By Miguel.GFZ

Semi-retired like Vito Corleone before the heart attack. Consiglieri to J.Kb and AWA. I lived in a Gun Control Paradise: It sucked and got people killed. I do believe that Freedom scares the political elites.

5 thoughts on “This is one Tennessee gun law I despise.”
  1. Even TROs (Temporary Restraining Orders) and EPOs (Emergency Protective Orders) allow the person served to go about their normal business, as long as they take reasonable measures to avoid the person they’re ordered to stay away from. They are NOT a cudgel with which the “protected” person can destroy the “served” person’s life or livelihood; it’s assumed that the party seeking the protective order doesn’t want to be around the other party and will equally avoid them.
    IOW, the “protected” person can’t hang out where the “served” person frequents just to harass them; the “protected” person can’t park outside the “served” person’s work place so that they can’t go to work and get fired, or get a job at the local grocery store with the intent that the “served” person can’t buy food during normal business hours. (I knew someone who talked about doing the latter before the hearing on the longer-term order. The judge caught wind of it and — for that and for other, more legal reasons — he [rightly] denied the longer-term order.)
    The reason I bring this up is, it’s ridiculous that your lawful carry of a firearm can suddenly become unlawful because some “protected” third party shows up unbeknownst to you. TROs and EPOs exist to try and protect people from actual, recognized threats and they make reasonable allowances for people’s normal business unrelated to the “protected” party. A law that doesn’t make those allowances — especially for people who are NOT recognized threats — or that assumes that the free exercise of a Constitutionally-protected right makes them a threat, is unreasonable and unconstitutional.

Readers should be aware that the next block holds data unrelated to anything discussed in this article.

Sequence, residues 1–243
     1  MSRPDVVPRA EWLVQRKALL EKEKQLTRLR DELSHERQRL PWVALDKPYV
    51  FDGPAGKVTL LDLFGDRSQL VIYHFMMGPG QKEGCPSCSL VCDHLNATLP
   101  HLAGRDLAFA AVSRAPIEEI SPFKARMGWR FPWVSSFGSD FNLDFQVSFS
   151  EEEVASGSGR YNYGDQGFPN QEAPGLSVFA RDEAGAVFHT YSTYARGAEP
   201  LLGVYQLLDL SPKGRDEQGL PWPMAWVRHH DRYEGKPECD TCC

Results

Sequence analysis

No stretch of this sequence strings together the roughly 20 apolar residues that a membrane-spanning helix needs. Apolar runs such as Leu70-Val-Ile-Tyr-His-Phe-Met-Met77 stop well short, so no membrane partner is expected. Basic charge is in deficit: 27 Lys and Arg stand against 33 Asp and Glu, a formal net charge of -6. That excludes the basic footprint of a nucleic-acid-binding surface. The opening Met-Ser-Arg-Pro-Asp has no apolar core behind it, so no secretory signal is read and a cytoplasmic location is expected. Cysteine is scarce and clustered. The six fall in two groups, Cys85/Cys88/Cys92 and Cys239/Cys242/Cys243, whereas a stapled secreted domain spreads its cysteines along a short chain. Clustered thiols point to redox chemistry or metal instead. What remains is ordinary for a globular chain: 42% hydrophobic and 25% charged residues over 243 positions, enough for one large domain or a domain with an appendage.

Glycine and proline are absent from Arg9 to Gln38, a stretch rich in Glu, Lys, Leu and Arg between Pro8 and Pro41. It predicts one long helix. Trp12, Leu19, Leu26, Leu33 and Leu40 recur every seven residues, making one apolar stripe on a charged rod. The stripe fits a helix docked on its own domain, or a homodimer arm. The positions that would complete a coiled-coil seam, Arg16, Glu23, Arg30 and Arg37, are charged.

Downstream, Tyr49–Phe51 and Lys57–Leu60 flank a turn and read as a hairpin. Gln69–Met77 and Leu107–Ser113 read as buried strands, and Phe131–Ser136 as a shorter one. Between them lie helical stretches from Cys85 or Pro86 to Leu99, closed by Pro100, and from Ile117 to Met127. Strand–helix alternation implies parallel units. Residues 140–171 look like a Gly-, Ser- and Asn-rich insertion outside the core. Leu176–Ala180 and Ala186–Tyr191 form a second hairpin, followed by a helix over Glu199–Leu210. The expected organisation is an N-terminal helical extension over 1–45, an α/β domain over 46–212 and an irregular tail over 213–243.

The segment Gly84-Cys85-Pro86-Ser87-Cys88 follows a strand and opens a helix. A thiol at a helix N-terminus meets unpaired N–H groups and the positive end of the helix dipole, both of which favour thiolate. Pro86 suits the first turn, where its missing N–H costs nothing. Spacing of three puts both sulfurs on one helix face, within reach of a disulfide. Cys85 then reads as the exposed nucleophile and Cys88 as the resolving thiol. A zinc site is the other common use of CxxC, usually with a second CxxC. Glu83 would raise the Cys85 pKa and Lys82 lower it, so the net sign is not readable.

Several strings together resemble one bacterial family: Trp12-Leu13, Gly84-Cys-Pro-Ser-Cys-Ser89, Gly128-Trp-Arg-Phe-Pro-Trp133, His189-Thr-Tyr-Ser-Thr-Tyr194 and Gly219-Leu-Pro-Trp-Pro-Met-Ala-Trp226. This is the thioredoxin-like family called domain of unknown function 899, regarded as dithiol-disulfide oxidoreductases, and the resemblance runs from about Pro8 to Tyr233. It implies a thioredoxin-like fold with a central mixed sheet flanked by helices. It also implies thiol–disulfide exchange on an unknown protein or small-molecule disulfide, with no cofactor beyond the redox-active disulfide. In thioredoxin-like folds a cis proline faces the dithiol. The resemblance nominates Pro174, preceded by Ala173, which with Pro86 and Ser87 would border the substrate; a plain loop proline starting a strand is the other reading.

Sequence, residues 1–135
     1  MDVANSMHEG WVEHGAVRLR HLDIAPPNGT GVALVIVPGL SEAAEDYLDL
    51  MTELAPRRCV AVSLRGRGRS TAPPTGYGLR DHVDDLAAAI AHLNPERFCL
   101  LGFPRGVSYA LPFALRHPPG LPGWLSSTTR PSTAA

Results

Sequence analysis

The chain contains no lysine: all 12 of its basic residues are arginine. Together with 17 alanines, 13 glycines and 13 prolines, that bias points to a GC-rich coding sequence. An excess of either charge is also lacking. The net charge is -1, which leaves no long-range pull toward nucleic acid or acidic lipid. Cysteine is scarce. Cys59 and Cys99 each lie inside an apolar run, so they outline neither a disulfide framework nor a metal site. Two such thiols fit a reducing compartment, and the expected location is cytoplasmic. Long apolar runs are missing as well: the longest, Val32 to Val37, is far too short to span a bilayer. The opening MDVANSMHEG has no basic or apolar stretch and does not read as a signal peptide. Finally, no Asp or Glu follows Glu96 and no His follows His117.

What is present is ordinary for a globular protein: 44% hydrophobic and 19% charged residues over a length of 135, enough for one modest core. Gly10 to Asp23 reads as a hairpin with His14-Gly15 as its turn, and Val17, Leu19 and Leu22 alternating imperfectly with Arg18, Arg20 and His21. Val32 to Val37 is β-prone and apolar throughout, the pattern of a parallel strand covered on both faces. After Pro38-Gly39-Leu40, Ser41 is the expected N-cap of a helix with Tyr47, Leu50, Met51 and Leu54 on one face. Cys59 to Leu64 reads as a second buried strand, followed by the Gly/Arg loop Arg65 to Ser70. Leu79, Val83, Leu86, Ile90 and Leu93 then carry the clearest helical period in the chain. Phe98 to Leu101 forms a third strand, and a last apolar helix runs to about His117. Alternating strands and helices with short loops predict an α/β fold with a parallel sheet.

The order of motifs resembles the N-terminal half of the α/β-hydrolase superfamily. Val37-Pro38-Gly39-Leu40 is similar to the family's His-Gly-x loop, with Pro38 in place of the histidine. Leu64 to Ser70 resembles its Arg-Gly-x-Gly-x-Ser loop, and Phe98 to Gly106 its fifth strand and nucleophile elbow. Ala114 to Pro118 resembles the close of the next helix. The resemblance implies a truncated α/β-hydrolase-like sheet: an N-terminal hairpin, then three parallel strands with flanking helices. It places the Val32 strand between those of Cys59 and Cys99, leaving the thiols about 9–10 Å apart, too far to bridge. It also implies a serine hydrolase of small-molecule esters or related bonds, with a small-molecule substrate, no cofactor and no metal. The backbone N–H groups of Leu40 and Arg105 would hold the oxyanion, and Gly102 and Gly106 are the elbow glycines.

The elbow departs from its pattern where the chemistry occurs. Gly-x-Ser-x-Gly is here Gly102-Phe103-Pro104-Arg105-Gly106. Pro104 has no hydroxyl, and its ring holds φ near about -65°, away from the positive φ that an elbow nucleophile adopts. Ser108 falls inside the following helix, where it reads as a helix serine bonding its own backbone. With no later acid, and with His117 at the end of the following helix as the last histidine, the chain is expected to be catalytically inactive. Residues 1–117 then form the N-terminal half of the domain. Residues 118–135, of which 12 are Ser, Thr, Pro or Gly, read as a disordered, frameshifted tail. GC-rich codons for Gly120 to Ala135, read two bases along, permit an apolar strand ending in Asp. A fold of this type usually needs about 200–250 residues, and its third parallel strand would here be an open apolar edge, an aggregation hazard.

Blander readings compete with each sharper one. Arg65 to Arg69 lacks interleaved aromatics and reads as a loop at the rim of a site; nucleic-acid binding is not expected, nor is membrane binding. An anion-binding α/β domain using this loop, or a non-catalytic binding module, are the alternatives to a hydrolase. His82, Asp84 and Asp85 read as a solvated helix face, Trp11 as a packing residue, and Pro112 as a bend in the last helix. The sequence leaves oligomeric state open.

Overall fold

2. Archer hit the nail on the head.
    Are you taking reasonable steps to avoid violating the law? Yes, if you go to the park and a school bus full of kids shows up. You were there legally before they did, and assuming you do not change behavior (approach the school group, or stay in the area for longer than you expected to, etc…) you should not be in violation of the law. I will have to double check, but I believe my state is of that mindset. (If they are not, a strongly worded letter will be on its way.)

  3. Indiana had a similar “gotcha” on the books when I lived there and had my carry permit and it sucked. The local forums referred to field trips as “roving gun free zones.”

  4. Do they have to properly post any gun free zones in Tennessee?

    If so, how do they properly post and then un-post the zones? How does the school or park district inform the legal users of the park that its firearms status has changed?

Only one rule: Don't be a dick.

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